Representing the commodity-form as social relations between producers expressed through the amount of labor spent on the actual production is logical because it allows assessing the usefulness and functionality of this commodity. Thus, the commodity itself is more than just the outcome of labor; it is the embodiment of relations between members of society and, therefore, commodities are often identified with values and meanings, which are referred to as commodity fetishism. All these assumptions are congruent with the current marketing trends in producing various commodities. In particular, the advertisers make focus on the analysis of consumer concerns, demands, and requirements that are not confined to physical needs. Rather, a certain product can have a specific cultural or symbolic meaning going beyond the product functionality. Therefore, Karl Marx represents the product as the one existing beyond its physical description.
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While representing the value and meaning of commodities, no reference should be made to its physical nature and material relations. Commodities, therefore, are products of human intelligence that have been put into life and have been integrated into social relations for society to function. These relations, therefore, are closely associated with the concept of commodity fetishism introduced by Marx. In particular, the theorist proposes that exchange stands at the core of trade relations in which products serve as objects of exchange. Thus, commercial activities and production volumes influence the changing values of products, including and services, while selling and buying. Thus, supply and demand are also decisive factors in deciding the extent to which goods and services are engaged in social relations. Due to the influence of social involvement, product meaning is enhanced and is expressed through transactions and commercial activities. More importantly, product exchange constitutes the basis of social relations because it is constantly medicated by means of commodities and money. However, the way the commodities relate to social activities depends largely on the production costs, which are also associated with the amount of human labor, regardless of the fact that humans are the ones who take control of the commodity productions.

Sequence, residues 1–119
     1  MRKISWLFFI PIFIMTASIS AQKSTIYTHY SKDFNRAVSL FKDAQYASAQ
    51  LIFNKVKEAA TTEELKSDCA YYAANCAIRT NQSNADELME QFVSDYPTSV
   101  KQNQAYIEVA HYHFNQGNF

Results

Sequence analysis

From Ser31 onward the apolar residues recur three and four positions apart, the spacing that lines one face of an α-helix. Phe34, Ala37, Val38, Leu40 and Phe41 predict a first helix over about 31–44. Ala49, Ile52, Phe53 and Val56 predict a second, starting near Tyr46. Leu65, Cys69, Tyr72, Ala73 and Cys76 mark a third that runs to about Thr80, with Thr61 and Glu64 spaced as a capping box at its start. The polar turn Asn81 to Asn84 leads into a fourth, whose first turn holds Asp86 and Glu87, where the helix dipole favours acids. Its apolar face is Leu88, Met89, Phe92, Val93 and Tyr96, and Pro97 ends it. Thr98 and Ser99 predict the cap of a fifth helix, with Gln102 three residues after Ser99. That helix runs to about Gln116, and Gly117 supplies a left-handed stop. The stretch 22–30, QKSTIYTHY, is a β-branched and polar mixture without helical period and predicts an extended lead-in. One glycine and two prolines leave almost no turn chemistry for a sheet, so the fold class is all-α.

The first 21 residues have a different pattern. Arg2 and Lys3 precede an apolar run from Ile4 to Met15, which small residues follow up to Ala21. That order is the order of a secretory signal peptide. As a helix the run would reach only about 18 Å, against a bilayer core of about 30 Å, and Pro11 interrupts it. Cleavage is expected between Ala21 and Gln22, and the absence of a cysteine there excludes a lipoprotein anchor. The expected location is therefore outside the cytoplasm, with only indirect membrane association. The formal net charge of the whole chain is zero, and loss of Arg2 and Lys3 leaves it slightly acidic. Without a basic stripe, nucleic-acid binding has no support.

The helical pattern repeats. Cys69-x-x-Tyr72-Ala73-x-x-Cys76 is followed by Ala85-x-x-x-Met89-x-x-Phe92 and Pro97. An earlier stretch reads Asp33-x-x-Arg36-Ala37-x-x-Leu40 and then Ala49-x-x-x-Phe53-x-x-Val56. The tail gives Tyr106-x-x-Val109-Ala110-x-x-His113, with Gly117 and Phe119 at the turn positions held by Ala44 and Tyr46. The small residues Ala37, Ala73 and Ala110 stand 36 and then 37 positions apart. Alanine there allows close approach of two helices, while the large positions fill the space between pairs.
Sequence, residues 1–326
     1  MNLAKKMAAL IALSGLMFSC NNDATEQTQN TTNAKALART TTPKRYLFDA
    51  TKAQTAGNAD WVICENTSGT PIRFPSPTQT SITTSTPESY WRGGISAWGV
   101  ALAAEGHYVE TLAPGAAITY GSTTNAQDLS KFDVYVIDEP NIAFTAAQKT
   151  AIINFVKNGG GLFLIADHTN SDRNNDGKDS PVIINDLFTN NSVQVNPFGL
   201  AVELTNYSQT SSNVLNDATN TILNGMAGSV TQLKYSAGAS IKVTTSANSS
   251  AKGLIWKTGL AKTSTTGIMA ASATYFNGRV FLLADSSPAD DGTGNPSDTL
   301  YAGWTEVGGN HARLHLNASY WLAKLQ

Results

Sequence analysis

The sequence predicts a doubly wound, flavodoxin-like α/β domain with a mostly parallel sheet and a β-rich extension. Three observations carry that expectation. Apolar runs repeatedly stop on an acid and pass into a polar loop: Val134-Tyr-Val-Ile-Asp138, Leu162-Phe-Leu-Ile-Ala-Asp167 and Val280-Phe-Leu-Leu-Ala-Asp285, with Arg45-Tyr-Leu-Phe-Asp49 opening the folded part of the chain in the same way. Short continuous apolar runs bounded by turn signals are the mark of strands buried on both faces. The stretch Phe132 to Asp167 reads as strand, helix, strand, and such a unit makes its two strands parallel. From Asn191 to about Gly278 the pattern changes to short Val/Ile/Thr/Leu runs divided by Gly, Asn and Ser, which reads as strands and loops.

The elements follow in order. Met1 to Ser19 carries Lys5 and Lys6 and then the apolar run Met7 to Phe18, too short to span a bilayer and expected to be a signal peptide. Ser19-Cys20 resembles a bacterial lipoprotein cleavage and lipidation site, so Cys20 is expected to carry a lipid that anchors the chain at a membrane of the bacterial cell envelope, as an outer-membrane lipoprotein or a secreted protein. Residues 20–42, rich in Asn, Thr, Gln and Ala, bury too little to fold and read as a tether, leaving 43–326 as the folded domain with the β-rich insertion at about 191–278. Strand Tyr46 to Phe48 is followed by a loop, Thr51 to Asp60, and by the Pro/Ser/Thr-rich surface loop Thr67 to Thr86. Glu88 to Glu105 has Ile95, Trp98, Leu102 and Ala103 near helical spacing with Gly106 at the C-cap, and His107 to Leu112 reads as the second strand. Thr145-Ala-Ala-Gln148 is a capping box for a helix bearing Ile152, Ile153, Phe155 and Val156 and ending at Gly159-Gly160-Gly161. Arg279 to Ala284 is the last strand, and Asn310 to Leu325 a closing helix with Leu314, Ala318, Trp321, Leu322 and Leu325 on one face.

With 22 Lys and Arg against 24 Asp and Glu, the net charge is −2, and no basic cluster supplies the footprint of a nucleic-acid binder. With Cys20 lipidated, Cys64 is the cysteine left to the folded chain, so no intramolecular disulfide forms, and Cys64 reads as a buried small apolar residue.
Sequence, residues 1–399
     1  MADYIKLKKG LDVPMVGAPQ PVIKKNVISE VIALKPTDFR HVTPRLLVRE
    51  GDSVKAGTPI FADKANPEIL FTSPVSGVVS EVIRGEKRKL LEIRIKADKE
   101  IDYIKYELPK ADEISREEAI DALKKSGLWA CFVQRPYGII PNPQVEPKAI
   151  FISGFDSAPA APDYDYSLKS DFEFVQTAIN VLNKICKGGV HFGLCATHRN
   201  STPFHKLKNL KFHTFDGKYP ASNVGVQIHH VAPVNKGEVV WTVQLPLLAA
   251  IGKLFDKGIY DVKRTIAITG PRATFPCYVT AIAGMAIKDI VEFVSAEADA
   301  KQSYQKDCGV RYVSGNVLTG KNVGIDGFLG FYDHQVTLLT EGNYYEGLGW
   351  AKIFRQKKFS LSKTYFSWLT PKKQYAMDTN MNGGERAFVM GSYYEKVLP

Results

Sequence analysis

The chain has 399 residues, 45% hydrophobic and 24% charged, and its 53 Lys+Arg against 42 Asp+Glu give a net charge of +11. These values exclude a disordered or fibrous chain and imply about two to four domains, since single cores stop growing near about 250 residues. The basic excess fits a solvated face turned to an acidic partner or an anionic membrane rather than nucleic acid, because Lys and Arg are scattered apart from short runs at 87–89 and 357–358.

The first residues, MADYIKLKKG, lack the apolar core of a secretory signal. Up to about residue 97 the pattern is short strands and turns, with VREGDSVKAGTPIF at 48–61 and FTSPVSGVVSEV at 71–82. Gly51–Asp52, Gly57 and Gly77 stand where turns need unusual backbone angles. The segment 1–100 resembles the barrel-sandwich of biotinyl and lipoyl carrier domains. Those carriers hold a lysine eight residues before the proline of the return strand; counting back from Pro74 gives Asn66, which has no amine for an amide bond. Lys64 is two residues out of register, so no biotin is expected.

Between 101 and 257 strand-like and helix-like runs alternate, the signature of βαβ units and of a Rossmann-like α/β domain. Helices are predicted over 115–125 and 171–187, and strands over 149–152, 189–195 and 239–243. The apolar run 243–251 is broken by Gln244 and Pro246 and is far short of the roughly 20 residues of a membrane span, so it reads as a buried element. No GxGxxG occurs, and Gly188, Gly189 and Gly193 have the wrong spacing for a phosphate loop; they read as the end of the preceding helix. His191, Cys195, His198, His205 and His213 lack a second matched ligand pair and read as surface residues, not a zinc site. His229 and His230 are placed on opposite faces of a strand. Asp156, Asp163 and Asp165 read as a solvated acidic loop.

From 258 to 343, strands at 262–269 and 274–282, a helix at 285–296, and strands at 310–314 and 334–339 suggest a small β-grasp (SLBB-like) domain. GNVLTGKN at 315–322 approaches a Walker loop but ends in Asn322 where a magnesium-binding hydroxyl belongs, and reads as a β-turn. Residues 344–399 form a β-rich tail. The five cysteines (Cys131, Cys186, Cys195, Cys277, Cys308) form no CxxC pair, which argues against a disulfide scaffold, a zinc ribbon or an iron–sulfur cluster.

Endowing the commodity with meaning and value identifies business activities among people. These relations reflect the degree to which sellers base their financial expectations. Thus, consumer demand is characterized predominantly by the value of the products. The more values are associated with the commodity, the higher the demand is. The price changes will also occur as soon as the product value fluctuates and, therefore, it is hard for the sellers to predict that the commodities will be affected by these relations. In order to define the meaning of the commodity, it is necessary to identify the psychological dimension within which consumers operate while making choices. Thus, psychological factor plays a pivotal role in transforming the commodity into an object into an independent entity involved in social value. The point is that the intrinsic value of products is closely associated with natural property as well. However, the market can undergo self-regulation by controlling supply and demand because consumers no longer perceive the commodity as the outcome of labor relations.
As has been mentioned previously, the significance of commodity is not confined to its physical nature. Rather, it derives from human intellectual capacity to subjectively ascribe a specific value or meaning to a product. As a result, during commercial activities, humans ascribe subjective meanings and symbols to the goods and services that sellers and buyers embrace as the objectified ones. The objectified perception, therefore, is crucial for identifying the market price of the commodity—the idealistic dimension of the commodities that have been launched to the market influence human choices. The market, as an independent entity, also has an impact on commodity objectification. Closer relations established between commodities and markets are revealed through trade relations that stand apart from the production process.
The veritable meaning and value of the commodities are reflected through money and price relations. However, this value itself is produced by the labor power of a separate worker, or the set of labor powers, which defines the product as the sum of human capacities to introduce a specific product. In other words, value masks the role-playing mechanisms in accordance with which product, either good or service, is nothing more than the outcome of human intelligence.
In conclusion, the commodity should not be regarded as a materialistic and natural embodiment. Rather, the goods and services are the result of human labor, as well as social relations between workers. Even when launched to the market, the commodity becomes the object of relations between buyers and sellers that ascribe certain meanings, which is identified by Marx as commodity fetishism. It is the commodity value that identifies the actual price for the product, but not the material it is made from. The production value also influences the fluctuation of demand and supply, as well as defines and predicts future functions in society. Finally, the product is always objectified, although it is ascribed with the subjective meaning of the producers.